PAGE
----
Hundertwasser and the Gobelin
Perhaps it is sacrilegious to describe some of Hundertwasser’s paintings as painted weavings, but that he had a deep involvement in this ancient craft of Homo Ludens which predates the creation of images by means of the use of paint is unquestioned. Many of his structures, the notion of the line and the textural sensuousness of color surfaces are reminiscent of weaving, as is the sense of craftsmanship, his way of working, at least that was certainly the case at the time I once had the opportunity to watch him at work. Hundertwasser’s strong affinity with weaving suggests that from the first time he sat down at a loom, even though this event came about as the result of a bet, he was intuitively able to weave a gobelin. My impression of Hundertwasser was of someone coming from very far away.
I can still visualize him in a bright corner of his otherwise dark apartment on the Danube canal, sitting at his loom, wearing the djellabah which he had brought from Morocco, very slim, very serious, both young and ancient at the same time. Explanations were unnecessary, he was simply able to weave. The time was the 1950s, for those of us who were young at that time, in our memories an exalted period. We were all slightly ecstatic. In the windows as well as in an old army locker balls of paper were accumulating in anticipation of the approaching winter when he would use them like briquettes to provide heat. When asked what the gobelin depicted, he would remain mysteriously silent. Two feet were recognizable, and many windows, later the legs appeared and grew and grew – and very late the yellow ray was discernable. In fact everything originated from this local boy – a magic carpet that took off into the air.
When twenty years later, someone asked me in Mexico which famous European painter should be recruited in order to make the new workshop internationally known, my unequivocal response was Hundertwasser. However, I suspected that after already having produced hundreds of beautiful gobelins he would not be interested. But he was willing and thus began an experiment with Mexican weavers, young mestizos whose hands held skills long lost in other places. Mexican folk art uses a weave comparable to that in eastern European kelims, the sarape, which is produced in many places. Initially, there were some difficulties with certain formal elements, however, the weavers were very familiar with the spiral and used similar colors; in fact, Mexico is quite Hundertwasser-like, they too, come from far back.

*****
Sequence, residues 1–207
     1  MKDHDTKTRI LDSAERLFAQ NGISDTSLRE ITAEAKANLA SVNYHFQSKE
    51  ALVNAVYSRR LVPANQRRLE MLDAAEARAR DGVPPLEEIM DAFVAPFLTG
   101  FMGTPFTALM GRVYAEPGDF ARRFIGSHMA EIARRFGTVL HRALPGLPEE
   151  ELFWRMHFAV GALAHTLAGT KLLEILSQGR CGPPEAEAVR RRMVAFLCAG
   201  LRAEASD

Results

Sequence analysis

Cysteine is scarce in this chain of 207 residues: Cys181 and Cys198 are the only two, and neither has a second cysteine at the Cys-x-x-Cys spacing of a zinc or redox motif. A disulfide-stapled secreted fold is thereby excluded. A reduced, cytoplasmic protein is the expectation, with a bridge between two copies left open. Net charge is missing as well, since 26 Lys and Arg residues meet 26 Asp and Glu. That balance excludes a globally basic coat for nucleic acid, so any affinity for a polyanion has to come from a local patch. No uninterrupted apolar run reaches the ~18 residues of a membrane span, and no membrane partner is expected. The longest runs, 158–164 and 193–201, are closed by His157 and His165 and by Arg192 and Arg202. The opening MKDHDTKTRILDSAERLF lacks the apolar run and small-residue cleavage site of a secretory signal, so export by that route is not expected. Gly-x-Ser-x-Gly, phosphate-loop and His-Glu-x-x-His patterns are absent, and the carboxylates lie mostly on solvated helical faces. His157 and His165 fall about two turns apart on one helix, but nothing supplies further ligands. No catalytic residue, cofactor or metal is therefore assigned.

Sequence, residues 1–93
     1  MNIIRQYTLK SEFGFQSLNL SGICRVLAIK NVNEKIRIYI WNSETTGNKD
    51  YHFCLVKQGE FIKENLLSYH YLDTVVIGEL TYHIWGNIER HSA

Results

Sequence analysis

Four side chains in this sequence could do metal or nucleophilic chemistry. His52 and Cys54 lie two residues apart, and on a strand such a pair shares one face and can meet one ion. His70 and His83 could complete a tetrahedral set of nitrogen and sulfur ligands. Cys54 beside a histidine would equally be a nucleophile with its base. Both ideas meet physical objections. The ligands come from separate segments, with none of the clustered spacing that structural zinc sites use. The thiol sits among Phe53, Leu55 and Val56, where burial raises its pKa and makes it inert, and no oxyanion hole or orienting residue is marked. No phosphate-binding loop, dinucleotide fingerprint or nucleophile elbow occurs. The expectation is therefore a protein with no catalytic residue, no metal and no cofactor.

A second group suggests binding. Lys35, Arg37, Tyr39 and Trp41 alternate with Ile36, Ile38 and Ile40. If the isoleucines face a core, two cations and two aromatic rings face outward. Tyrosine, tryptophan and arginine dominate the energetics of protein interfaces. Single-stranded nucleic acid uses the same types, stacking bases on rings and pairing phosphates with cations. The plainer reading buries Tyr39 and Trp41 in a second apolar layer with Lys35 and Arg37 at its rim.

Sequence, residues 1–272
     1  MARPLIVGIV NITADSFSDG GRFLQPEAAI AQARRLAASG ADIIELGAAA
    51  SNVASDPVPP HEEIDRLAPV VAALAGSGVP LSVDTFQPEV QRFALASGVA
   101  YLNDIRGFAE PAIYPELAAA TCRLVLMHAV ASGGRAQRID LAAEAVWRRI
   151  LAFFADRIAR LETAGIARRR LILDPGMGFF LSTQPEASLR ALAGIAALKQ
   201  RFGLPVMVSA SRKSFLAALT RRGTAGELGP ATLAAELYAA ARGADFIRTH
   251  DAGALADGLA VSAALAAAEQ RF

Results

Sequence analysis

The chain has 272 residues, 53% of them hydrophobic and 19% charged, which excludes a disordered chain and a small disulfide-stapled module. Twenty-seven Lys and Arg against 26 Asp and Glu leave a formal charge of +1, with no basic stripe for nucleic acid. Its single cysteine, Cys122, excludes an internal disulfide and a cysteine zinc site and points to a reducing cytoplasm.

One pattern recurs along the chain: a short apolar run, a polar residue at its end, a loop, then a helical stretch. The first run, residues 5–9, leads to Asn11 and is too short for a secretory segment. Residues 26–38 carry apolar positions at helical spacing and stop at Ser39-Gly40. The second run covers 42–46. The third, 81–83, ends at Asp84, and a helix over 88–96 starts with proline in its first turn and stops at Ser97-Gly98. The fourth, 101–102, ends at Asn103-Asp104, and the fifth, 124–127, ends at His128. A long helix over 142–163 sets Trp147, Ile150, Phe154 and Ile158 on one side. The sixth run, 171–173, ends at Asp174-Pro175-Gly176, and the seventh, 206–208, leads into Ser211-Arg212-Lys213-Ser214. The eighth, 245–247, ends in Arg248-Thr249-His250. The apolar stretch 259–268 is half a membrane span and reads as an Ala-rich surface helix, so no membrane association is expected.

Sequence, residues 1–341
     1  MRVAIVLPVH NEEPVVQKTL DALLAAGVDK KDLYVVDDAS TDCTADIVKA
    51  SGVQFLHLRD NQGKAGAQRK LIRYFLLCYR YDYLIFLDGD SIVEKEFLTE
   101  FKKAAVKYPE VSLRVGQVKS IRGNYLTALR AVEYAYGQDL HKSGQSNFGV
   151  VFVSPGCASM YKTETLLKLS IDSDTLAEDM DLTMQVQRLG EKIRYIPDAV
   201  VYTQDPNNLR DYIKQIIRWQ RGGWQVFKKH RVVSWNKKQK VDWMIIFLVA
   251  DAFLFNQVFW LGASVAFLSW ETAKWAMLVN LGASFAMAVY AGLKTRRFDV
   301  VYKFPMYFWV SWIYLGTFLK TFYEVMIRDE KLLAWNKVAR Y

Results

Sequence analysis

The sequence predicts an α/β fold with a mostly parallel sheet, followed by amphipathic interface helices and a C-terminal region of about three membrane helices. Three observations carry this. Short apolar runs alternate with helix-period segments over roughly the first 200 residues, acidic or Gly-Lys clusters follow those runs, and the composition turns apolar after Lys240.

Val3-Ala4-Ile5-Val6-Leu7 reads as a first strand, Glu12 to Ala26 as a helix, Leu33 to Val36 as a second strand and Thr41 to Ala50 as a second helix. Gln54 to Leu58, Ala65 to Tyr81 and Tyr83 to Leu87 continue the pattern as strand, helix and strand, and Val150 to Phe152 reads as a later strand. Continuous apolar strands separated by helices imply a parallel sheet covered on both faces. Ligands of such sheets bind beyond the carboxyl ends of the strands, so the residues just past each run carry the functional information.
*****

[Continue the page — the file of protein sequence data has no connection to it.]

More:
Cultural circles overlap where the roots interweave which is the essence of weaving. There is an individuality to manual work and unlike in mechanized production each work is unique; it is hard for a weaver to make the exact same work twice. It is also not unusual for a weaver to discontinue work on a given piece and refuse to return to it when certain forms begin to emerge which frighten him or her. The supernatural is still a part of their life and the world of form and color coexists with that realm.
Naturally, the young weavers are initially required to submit to the directions of the master magician Hundertwasser, but after completing a six-year apprenticeship, they are free to make their own interpretations. We have given up the cartoon and employ a simple grid system in which the weaver draws directly onto the warp, a template on which the forms will develop during the weaving process. Each weaver is fully responsible for his interpretation and on completion, the gobelin is submitted for critique by the entire team. Vivid weavings from the individual are expected to emerge not translations of Hundertwasser images. The Mexican weavers continue today what the painter had started in 1950: Hundertwasser’s woven oeuvre.